The 36th America’s Cup presented by PRADA between the Defender Emirates Team New Zealand and the Challenger of Record Luna Rossa Prada Pirelli will start on the 10th of March at 16:15 NZT / 03:15 UTC – weather permitting.
Under COVID-19 Alert level 2 or 1, the race schedule will remain as planned with 2 races per day – Wednesday 10th, Friday 12th, Saturday 13th, Sunday 14th, Monday 15th and each day after that, until either the Defender Emirates Team New Zealand or the Challenger Luna Rossa reaches 7 wins. Any changes to this schedule will need to be agreed between both teams.
One of the most decorated sailors in the world, Jimmy Spithill made history when, aged 30, he became the youngest skipper to win the America’s Cup. That triumph in 2010 with BMW Oracle Racing was followed up with a successful defence three years later with a 9-8 victory over Emirates Team New Zealand.
In 2017, Spithill once again led Oracle team USA to the America’s Cup finals, though this time Emirates Team New Zealand took the spoils. Now the Australian will have the chance to avenge that defeat after leading Luna Rossa Prada Pirelli to victory over INEOS Team UK in the Prada Cup Final and earning a spot at the 36th America’s Cup in Auckland.
Here is what the 41-year-old had to say about challenging Team New Zealand for the prestigious title:
Do you think it’s going to be a neck-and-neck match series?
That’s what’s intriguing: We don’t know. In the America’s Cup World Series [December 2020], the New Zealanders showed that they have a very strong package. In the months since then, they were able to make a lot of their design, engineering and development decisions later because they don’t race until the America’s Cup match. However, as challengers we went through the Prada Cup round robins, semi-finals and finals. That’s real high-pressure racing where you play sudden death and the losers go home and there’s nothing like battle-hardened racing. So, for us it’s great to be going into the match, but now the work starts. The main event.
Is there any one factor that could make all the difference?
In my experience, it’s a multitude of things. But I believe the boat speed is going to be the biggest factor in this America’s Cup, as it’s always been.
How much does the human element come into play?
The sailors play a huge role. The boats are incredibly physical and you have to be a few steps ahead, trying to get off the start line well, making good decisions and racing well. But again, the boat speed is fundamental. No matter how good the jockeys are, you need a fast horse.
The teams in this America’s Cup seem well matched – there’s a lot of starpower on both boats.
Both teams are pretty experienced. For example, Glenn Ashby and I go way back – he was our coach in 2010 when we won our first America’s Cup with Oracle and ever since he’s been with New Zealand. Both teams are well stacked in terms of personnel, on and off the water.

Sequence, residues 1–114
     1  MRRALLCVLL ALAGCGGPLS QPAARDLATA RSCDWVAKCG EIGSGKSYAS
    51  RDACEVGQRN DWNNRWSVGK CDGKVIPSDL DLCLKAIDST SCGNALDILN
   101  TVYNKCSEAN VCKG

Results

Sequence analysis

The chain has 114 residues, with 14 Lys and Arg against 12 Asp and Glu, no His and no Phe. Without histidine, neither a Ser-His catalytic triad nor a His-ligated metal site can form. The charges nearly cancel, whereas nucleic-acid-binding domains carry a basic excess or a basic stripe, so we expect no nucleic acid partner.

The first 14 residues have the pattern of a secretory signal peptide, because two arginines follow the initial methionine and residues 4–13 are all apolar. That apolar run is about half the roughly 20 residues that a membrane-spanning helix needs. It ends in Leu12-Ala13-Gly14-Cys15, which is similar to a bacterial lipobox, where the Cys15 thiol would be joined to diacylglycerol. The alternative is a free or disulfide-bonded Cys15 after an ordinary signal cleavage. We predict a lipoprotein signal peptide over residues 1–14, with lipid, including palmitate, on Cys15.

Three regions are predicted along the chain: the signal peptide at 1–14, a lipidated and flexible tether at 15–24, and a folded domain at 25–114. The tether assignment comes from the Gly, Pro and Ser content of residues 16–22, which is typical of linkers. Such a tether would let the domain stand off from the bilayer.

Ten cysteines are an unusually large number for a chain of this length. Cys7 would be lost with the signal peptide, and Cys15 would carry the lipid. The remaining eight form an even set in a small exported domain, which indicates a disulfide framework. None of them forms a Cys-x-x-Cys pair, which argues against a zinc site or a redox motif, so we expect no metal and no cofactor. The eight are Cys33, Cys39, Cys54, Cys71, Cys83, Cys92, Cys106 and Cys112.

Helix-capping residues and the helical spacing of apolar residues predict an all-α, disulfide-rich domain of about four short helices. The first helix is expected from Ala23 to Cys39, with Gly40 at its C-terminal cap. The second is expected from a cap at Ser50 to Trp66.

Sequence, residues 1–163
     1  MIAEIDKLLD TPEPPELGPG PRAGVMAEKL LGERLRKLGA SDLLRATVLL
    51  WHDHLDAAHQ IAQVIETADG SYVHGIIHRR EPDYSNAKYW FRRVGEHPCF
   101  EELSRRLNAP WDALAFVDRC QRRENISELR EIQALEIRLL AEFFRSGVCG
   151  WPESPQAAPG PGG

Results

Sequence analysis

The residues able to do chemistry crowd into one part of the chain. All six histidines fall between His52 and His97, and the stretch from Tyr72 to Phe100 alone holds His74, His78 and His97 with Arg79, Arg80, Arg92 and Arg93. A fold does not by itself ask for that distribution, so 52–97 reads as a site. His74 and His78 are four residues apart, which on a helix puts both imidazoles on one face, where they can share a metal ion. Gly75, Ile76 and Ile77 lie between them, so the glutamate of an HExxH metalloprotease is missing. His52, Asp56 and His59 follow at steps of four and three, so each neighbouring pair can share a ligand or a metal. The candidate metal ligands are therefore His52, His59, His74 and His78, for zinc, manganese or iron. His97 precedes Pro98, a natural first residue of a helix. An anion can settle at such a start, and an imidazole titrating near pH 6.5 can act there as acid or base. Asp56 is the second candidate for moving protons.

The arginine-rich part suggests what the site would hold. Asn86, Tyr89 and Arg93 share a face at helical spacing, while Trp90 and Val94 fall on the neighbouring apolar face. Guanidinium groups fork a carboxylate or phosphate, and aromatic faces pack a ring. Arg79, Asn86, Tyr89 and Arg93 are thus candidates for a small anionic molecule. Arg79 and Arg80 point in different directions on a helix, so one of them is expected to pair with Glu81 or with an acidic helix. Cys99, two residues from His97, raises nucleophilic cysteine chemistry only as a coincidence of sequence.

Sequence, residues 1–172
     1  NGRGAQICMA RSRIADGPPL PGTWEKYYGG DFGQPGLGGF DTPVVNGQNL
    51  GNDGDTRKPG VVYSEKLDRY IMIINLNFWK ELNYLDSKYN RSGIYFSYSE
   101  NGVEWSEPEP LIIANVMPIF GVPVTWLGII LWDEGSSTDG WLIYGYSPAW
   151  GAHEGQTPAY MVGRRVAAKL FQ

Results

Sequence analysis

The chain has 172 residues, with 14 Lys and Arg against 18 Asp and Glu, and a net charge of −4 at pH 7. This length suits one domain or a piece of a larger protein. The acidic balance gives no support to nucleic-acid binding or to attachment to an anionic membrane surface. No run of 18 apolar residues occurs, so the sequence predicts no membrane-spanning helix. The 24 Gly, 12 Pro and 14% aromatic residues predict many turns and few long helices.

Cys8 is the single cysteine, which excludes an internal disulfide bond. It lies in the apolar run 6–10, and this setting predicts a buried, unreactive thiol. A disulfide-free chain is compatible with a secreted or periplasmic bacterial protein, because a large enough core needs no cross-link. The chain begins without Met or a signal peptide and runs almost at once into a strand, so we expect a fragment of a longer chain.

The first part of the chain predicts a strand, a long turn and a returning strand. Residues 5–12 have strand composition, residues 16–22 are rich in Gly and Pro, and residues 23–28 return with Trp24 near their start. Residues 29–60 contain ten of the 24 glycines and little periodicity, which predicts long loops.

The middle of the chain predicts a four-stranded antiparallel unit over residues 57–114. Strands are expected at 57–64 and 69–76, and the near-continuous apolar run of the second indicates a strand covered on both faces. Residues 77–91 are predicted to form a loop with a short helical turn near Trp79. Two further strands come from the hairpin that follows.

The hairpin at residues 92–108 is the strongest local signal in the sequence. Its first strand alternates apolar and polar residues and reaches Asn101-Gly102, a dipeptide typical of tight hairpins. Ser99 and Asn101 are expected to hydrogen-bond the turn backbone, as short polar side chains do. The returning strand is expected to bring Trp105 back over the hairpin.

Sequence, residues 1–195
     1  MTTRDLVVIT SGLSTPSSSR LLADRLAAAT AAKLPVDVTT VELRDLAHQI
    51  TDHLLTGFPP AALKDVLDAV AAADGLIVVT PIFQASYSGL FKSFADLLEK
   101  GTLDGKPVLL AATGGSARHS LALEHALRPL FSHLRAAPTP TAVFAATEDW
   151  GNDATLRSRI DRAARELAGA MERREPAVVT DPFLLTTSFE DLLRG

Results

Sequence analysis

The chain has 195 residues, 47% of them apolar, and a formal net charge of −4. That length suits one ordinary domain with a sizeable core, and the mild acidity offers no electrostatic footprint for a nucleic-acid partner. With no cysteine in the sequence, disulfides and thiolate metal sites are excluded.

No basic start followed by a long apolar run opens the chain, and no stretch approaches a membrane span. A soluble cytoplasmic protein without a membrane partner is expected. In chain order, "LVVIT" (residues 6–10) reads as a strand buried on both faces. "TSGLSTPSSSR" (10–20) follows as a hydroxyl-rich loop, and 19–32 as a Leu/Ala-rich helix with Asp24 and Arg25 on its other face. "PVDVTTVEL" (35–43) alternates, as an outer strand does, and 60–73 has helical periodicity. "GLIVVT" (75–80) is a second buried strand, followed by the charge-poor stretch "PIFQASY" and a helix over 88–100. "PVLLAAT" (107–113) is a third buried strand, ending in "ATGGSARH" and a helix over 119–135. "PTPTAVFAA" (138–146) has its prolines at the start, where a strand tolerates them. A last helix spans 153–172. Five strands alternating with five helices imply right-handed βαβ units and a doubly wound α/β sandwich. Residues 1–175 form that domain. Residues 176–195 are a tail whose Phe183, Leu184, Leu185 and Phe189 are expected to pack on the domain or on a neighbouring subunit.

What about conditions?
Weather will be everything. In New Zealand, sometimes in one single day you can get all the seasons at once! I think the boats will each have their sweet spots and if a boat has an advantage in some conditions, we’ll have to see if the sailors can overcome that or if the boat runs away with it. It’ll be fascinating.
You won two consecutive America’s Cup campaigns before losing to New Zealand in Bermuda four years ago. How much do you want to win this?
Competitively, in anything you enter, you want to win. You want to get out there and have a great fight on the water. But there’s no doubt in my mind that for this America’s Cup match, we are the underdog. Team New Zealand haven’t just done an incredible job in terms of their boat and assembling talent – they are the defender for a reason and they are at home.
So what’s your team’s mindset?
Whether it’s been a tough day or a good day, just be very consistent and composed. Take the lessons and focus 100 percent of the time and energy on the next race. The next race is the only thing that matters.
How big is it personally for you to have made it to this match?
For me, this campaign has been one of the toughest, if not the toughest. It’s been such a big change for me, coming to a completely different group, a totally new concept for the boat, living where it’s non-English speaking – a bunch of reasons made it challenging but also extremely rewarding. While it’s been a relentless campaign for the whole team, the sign of strength is the ability to bounce back and learn.
How are you going to feel in the moments before that first start against the Kiwis?
With every race it’s really exciting. One of the main reasons you do it is that mixture of emotions, adrenaline, anxiety, a bit of nervousness. That minute or two just before you enter that pre-start box and engage with the other team and you’re all on the boat ready to go… It’s an incredible feeling and very, very addictive.
Both teams have got a shot. We may be the underdog, but that’s the great thing about sport. The favorite doesn’t always win. Luna Rossa is a culture of people who are never satisfied, who come to work each day wanting to do more. So it’s an exciting time. As you approach the America’s Cup match, it’s an awesome feeling to wake up every day with that motivation of realising how fortunate you are. Especially today, with what the world has experienced, to be in a competitive team, getting a shot against the best in the world – it’s what you live for.